The Linux Kernel: Patches



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Sometimes, the kernel developers may release a patch for a particular Linux kernel. It helps to know how to apply these patches which will usually fix bugs or enhance performance. Patches can be obtained from "". Once a patch is downloaded to your local system, place it in the directory containing the folder of your kernel's source code. Ensure that the kernel and patch are compatible, meaning, they must be the same version. Patches are applied to the uncompressed source code before the kernel is configured.

To apply a patch, type the following where "PATCH" is the patches file name. Also, use this command while the active directory is the kernel's source code.

patch -p1 < ../PATCH

If a patch is accidentally applied or the user decides not use a patch, then the patch can be removed/undone in the following manner,

patch -R -p1 < ../PATCH

The "-R" reverses the patches changes.

Compressed patches can be applied using one of these commands depending on the compression type. Again, you must be in the directory with the kernel's code.

zcat ../PATCH.gz | patch -p1
xzcat ../PATCH.xz | patch -p1
bzcat ../PATCH.bz2 | patch -p1

However, patches can be applied other ways. Ksplice is an administrator tool that allows users to apply minor security patches to the kernel that is currently running. To apply the security patches, type "uptrack-upgrade -y" in a terminal. "uptrack-show --available" displays available patches and "uptrack-remove --all" removes the patches. Ksplice functions like a package manager. Ksplice searches its repositories for patches and then installs the patches. However, unlike a package manager, Ksplice applies these patches to the kernel in memory. So, if the computer reboots, the updates will not exist.

Kernel Names

When using patches, it is important to understand the name of the kernel. For example, kernel v3.12.5 is not the same as v3.12.5-rc2 or v3.12.5-mm. "-rc#" means release candidate. These are kernels that will soon be released after some final testing. "-mm" indicates the kernel is experimental, so such kernels may be unstable and are not suitable for mainstream use. "-git" is found on the daily snapshots of the kernel from GitHub.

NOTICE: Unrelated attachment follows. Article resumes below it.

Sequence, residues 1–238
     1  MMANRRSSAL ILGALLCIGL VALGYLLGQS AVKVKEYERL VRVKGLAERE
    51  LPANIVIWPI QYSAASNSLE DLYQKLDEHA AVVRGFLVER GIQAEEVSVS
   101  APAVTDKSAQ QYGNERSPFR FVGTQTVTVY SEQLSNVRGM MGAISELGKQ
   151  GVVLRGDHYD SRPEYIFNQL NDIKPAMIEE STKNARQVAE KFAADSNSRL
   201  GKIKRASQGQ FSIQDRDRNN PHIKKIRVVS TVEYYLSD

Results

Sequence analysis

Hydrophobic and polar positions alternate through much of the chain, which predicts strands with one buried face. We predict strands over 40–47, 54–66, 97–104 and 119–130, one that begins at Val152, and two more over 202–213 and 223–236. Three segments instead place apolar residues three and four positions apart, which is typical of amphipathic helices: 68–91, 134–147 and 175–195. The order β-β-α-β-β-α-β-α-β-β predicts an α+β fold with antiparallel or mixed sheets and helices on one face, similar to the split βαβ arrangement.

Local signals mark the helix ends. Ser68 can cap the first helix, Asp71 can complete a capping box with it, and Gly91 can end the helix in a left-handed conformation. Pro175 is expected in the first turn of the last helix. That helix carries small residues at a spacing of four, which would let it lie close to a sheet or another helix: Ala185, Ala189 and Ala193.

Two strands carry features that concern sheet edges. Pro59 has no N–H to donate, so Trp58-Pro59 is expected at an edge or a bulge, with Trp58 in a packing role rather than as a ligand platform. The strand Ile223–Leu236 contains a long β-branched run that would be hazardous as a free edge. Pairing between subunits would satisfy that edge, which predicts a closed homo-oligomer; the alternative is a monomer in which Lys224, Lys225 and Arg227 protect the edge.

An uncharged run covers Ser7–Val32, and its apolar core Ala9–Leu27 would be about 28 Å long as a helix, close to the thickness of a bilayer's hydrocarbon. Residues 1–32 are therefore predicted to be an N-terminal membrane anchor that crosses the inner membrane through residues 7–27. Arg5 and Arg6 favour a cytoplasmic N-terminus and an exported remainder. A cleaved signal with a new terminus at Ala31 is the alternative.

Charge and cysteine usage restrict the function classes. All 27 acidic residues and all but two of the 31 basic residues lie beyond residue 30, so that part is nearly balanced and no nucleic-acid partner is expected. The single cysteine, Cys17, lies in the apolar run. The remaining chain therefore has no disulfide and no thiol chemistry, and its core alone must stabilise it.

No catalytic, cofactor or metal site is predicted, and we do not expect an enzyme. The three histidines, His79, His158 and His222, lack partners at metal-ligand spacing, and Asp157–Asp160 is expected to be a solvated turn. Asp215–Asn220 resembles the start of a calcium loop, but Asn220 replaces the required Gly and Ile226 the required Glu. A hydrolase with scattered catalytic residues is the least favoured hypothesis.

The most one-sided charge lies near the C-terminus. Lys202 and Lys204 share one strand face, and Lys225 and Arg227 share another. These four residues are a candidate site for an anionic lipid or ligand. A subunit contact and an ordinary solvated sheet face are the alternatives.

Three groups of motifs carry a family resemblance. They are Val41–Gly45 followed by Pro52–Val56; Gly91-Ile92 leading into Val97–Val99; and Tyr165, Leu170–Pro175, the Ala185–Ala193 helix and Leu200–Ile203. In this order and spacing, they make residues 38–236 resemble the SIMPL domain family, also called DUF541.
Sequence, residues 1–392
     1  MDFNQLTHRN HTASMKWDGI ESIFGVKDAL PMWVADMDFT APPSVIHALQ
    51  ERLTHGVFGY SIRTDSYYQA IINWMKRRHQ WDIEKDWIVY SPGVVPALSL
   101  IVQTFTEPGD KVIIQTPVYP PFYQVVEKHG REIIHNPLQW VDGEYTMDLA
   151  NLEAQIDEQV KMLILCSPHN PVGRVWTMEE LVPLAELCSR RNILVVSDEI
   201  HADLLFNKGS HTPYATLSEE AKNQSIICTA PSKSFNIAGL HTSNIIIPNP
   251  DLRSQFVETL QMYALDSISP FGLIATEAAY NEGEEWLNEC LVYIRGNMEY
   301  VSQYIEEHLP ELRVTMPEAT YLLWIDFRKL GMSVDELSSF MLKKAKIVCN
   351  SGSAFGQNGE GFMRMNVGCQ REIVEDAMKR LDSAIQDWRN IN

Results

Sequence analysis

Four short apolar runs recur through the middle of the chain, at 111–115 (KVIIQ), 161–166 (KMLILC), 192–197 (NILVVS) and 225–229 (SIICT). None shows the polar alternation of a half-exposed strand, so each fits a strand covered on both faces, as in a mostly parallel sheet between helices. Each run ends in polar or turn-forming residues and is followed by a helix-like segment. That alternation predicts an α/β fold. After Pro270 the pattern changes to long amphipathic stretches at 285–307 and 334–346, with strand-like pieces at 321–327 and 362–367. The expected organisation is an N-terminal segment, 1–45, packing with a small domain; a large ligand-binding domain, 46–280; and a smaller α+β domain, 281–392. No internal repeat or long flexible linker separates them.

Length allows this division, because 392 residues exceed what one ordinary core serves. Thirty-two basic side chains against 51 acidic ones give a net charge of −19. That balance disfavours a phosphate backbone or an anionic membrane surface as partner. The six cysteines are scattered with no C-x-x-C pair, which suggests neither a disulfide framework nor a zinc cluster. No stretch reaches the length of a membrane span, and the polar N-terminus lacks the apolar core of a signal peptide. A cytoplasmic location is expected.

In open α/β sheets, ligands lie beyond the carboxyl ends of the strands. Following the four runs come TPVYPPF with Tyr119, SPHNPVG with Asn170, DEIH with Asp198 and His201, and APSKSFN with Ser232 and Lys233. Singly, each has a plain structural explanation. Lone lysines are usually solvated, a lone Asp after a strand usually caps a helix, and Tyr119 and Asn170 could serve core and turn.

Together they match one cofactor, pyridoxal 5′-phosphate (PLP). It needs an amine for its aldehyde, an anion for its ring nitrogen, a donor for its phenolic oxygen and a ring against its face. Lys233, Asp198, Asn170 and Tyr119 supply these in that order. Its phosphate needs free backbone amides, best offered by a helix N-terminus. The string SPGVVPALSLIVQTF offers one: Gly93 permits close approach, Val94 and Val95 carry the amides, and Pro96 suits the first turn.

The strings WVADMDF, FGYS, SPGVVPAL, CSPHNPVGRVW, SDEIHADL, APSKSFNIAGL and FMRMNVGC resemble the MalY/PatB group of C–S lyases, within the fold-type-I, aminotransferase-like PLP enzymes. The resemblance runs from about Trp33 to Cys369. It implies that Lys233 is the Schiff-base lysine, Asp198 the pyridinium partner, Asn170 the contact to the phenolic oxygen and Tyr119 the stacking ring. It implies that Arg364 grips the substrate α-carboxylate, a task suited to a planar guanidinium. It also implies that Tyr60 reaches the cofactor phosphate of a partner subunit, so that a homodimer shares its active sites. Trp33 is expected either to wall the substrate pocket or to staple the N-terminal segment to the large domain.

Updating the Kernel

For those of you that dislike compiling your own kernel or are happy with the configuration of other developers, there are some options for you in getting a newer kernel.

The number one method of updating the system's kernel is via the package manager. Updating the kernel is just like updating any other software. Open your package manager and refresh the repository list to see the latest updates. If updates exist for your kernel, then select the updates and apply them. If you are using a command-line, then follow the normal procedures for applying updates.

To Update or not to Update

If you are unsure about whether an update is worth-while, ask yourself these question -

Why do I want to upgrade?
Does my system have a bug that I want fixed?
Is there some hardware I want supported by my Linux system?
Do I have hardware that is partially supported?
What if the update goes wrong?
What if the update introduces problems or new bugs?
Would updating improve system security?
Will the system continue to function well without the update?

If you need help making a decision, read the changelog to see the changes in the newer version of the kernel. Go to to read the changelogs. Changelogs include detailed information on changes and improvements as well as bug fixes.

Overall, only perform updates/upgrades on important computers when necessary. When working for a large company (or any company), try to refrain from updating the kernel unless the server is at risk to malware and bugs.


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